Just over a month ago, Tesla caused a stir by announcing that it was dropping the use of radar for its Autopilot and Full Self-Driving features in the Model 3 and Y. This came on top of the company’s long-standing disavowal of LiDAR for autonomous systems as well. Can Tesla really deliver on Elon Musk’s perpetual promise of self-driving cars with just cameras?
This is not a decision to disable radars on existing cars, at least not yet. But it does mean that new Model 3 and Y production cars in the USA will no longer be equipped with this kind of sensor. This initially led to both Consumer Reports and the Insurance Institute for Highway Safety downgrading the safety of the vehicles. However, the Tesla Model 3 was retested and has nowhad its top safety rating reinstated.
Tesla is calling its new camera-based autonomous driving system Tesla Vision. In its official announcement, Tesla stated that removal of the radar would temporarily limit a couple of autonomous features. Autosteer would only work up to 75mph and would enforce a longer distance to the car in front, while both Smart Summon and Emergency Lane Departure Avoidance would be disabled altogether. Tesla claims these will be re-enabled as the Tesla Vision camera-only versions are rated by NHTSA “in the coming weeks”.
In the world of “normal” cars, adaptive cruise control is the main reason for the inclusion of a front radar, and one of the explanations why this is usually an expensive option on cars that don’t come with it as standard. A radar’s main function, just as it was originally used for in the Second World War, is to track the location and distance of external objects. This allows an adaptive cruise control system to judge the distance to the car in front and engage the brakes if it is too close. In heavy noise-to-tail traffic, all you have to do is steer.
It is worth noting that, for the time being at least, the Model S and X as well as all cars destined for markets outside North America will still be equipped with radar until Tesla determines “the appropriate time to transition those vehicles to Tesla Vision”. This is also allegedly because the Model 3 and Y provide a much larger pool for testing to ensure Tesla Vision works as intended. But it does also raise the question how the company will implement full autonomy in the future with just cameras.
Elon Musk has been incredibly bullish about how soon Tesla cars will become fully autonomous, most recently claiming they would be “close to Level 5” by the end of 2021, whereas official communications only state they are Level 2. However, despite the current trials of Full Self Driving on City Streets in select US states, this dream remains some way away.
If you look at the test cars from other companies being used to trial fully autonomous driving, such as Google Waymo’s Jaguar I-Pace vehicles, they bristle with different sensors. The Waymo car has two front radars and one rear one, a 360 LiDAR on the top, LiDAR on the front, and another on the rear. Going the opposite direction to Tesla, Volvo recently announced it would be adding LiDAR to its fully electric XC90 successor. The full suite of sensors Volvo has presented include cameras, ultrasonics, LiDARs and radars.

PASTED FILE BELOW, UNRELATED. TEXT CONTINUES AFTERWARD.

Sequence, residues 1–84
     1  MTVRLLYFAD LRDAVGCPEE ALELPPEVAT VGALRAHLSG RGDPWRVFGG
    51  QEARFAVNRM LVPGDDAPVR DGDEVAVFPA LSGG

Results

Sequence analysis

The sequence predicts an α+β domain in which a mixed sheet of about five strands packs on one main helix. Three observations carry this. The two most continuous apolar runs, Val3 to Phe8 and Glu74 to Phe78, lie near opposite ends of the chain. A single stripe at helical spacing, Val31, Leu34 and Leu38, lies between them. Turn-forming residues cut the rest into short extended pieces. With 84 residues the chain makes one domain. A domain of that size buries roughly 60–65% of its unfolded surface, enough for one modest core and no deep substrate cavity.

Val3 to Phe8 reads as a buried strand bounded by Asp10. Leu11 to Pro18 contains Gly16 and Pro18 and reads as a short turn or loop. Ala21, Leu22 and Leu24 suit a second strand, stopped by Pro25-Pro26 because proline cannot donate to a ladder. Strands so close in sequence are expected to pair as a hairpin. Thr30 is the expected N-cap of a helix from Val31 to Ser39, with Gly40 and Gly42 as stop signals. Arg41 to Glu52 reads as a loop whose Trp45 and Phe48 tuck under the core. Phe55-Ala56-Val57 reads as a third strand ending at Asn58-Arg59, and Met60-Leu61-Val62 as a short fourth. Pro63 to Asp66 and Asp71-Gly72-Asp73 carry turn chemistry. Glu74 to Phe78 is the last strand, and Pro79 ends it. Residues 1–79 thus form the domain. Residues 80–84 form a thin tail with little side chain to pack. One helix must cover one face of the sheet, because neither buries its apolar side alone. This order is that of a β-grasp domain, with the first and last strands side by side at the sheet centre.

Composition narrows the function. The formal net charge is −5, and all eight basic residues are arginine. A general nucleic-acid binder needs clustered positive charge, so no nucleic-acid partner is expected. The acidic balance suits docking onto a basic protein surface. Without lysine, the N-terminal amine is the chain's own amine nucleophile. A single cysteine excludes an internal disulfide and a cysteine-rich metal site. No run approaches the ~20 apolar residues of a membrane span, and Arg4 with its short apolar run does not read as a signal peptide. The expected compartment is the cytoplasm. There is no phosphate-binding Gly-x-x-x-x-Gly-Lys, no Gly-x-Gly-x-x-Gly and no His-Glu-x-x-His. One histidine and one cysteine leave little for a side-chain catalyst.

Tesla intends to cover all the jobs these perform with just cameras. Theoretically, this could be possible. After all, current vehicles already use a driving system primarily enabled by vision. Human operators provide this system, able to judge distance, recognize road markings and the behavior of other road users, and even use subtle signs to guess what other drivers are about to do. Tesla clearly thinks it can do the same using its cameras, with sufficient training of its autonomous systems to interpret the visual information it is receiving.
It is a typically contrary move from Elon Musk and Tesla. With such radically new and rapidly developing technology as autonomous driving, nobody can predict if the bet will pay off. After all, no car could even drive across a desert on its own until 2005, and now there are robot taxis driving around Schenzenand Waymo’s robot taxi service opened at the end of 2020 in Arizona.
You have to ask why Tesla is risking falling behind the autonomous systems already in operation by opting for cameras only, but the clue comes when you consider the company’s future plans. When Elon Musk infamously announced his company would be producing a $25,000 car by 2023, he made another claim – that it would have autonomous capabilities. To do that in such a cheap vehicle, Tesla needs to keep the costs down. LiDARs are expensive, and radars also add costs, but cameras are cheap. Tesla Vision could be part of a gamble on making autonomous driving as low cost as possible, so even the most budget-conscious vehicles can have it.